CHINA’S new leaders have turned to veteran technocrats, many with strong international experience, to staff the Cabinet charged with overhauling the economy and raising the country’s global profile.
The largely ceremonial parliament approved nearly three dozen trusted politicians, experienced officials and diplomats who will make up the State Council under prime minister Li Keqiang. Their appointment largely completes a once-a-decade transfer of power to a new generation of Communist leaders.
The new team takes charge at a time of difficult transitions. The Beijing regime is looking to transform the world’s second-largest economy by nurturing self-sustaining growth based on domestic consumption and technology industries instead of labour-intensive exports and investment.
A more assertive foreign policy, cyber-hacking and years of scouring the world for resources have caused nervousness among China’s neighbours and set off a small but potentially threatening backlash against Chinese investment in Africa and Latin America.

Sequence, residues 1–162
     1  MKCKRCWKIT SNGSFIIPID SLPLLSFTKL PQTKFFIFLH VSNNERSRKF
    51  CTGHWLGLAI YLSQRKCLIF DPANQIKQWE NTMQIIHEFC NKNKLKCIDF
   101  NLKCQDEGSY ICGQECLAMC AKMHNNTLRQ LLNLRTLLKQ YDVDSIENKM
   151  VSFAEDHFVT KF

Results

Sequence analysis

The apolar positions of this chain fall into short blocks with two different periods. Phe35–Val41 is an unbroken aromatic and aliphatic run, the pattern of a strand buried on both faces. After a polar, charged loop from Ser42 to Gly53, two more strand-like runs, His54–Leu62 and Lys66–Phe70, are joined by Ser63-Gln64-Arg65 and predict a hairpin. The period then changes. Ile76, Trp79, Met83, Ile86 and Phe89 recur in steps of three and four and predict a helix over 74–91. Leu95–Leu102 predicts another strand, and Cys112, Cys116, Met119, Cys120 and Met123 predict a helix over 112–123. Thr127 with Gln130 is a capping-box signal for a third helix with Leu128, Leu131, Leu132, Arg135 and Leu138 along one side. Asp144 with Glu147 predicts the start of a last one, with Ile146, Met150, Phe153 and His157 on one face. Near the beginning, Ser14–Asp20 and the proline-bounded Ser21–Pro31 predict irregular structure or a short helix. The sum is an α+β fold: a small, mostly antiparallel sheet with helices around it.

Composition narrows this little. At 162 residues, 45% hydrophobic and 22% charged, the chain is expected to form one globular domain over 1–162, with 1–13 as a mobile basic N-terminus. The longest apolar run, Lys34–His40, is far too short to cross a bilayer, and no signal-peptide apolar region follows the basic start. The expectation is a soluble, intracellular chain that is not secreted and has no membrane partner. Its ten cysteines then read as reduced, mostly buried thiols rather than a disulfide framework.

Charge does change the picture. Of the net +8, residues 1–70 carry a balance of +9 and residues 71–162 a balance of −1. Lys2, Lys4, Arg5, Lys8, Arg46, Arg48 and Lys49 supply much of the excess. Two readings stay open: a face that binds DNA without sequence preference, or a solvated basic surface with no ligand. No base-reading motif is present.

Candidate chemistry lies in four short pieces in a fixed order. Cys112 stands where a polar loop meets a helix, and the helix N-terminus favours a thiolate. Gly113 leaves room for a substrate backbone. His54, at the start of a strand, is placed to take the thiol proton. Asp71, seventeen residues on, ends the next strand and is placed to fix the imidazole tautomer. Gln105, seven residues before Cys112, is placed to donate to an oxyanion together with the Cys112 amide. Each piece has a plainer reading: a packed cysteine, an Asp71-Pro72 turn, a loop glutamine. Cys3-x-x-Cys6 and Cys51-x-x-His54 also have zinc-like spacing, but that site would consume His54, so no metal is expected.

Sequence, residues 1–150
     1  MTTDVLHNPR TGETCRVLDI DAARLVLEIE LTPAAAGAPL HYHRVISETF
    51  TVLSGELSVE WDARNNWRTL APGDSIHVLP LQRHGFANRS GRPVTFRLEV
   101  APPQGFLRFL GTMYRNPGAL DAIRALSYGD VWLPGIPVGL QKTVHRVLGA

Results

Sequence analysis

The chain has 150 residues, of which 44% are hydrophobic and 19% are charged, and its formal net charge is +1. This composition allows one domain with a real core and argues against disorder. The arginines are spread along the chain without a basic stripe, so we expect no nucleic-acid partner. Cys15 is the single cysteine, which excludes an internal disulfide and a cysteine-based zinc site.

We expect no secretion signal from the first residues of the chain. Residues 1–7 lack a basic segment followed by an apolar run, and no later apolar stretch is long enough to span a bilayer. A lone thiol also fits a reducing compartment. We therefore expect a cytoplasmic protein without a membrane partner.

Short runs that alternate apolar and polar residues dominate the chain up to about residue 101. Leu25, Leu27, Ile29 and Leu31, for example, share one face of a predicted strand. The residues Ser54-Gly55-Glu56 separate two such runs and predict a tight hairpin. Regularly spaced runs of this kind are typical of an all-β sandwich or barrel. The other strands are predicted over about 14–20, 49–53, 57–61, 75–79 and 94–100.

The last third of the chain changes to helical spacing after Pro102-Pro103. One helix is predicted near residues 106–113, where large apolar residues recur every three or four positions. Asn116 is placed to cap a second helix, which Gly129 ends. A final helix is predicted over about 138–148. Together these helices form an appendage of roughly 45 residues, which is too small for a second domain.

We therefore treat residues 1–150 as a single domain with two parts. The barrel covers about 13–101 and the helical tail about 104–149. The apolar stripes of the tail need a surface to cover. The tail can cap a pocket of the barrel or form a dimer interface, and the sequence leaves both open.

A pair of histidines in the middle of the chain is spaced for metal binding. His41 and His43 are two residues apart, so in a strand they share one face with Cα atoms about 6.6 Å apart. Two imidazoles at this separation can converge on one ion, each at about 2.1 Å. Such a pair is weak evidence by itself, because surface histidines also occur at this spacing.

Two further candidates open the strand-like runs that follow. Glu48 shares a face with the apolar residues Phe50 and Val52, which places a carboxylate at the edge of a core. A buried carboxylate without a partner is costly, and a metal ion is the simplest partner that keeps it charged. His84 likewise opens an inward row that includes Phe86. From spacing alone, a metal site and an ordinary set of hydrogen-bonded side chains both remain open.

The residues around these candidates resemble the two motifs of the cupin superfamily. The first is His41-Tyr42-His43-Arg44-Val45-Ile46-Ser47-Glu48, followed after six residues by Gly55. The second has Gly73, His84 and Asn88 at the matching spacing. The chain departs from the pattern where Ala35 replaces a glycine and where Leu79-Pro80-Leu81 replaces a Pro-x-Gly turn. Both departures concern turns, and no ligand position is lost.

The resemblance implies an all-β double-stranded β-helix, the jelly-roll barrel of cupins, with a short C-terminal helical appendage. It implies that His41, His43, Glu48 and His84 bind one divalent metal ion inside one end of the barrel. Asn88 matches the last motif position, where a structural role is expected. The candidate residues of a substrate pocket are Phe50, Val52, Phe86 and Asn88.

The new Cabinet consists of officials who embarked on their careers as China was re-entering world trade and politics after decades of isolation. They are representative of how far China’s reach extends, having more international exposure than their predecessors.
“They will have a more rational and objective view of China and the relationship between China and the rest of the world,” said Zhu Feng, a professor of international relations at Peking University. “It means they are more cognisant of how the world reacts to China and that they will be more active in seeking changes. That’s a good thing.”
China’s economy is limping out of its deepest slump since the 2008 global crisis, but a dip in February in sales and factory output has spurred fears that the rebound might be faltering.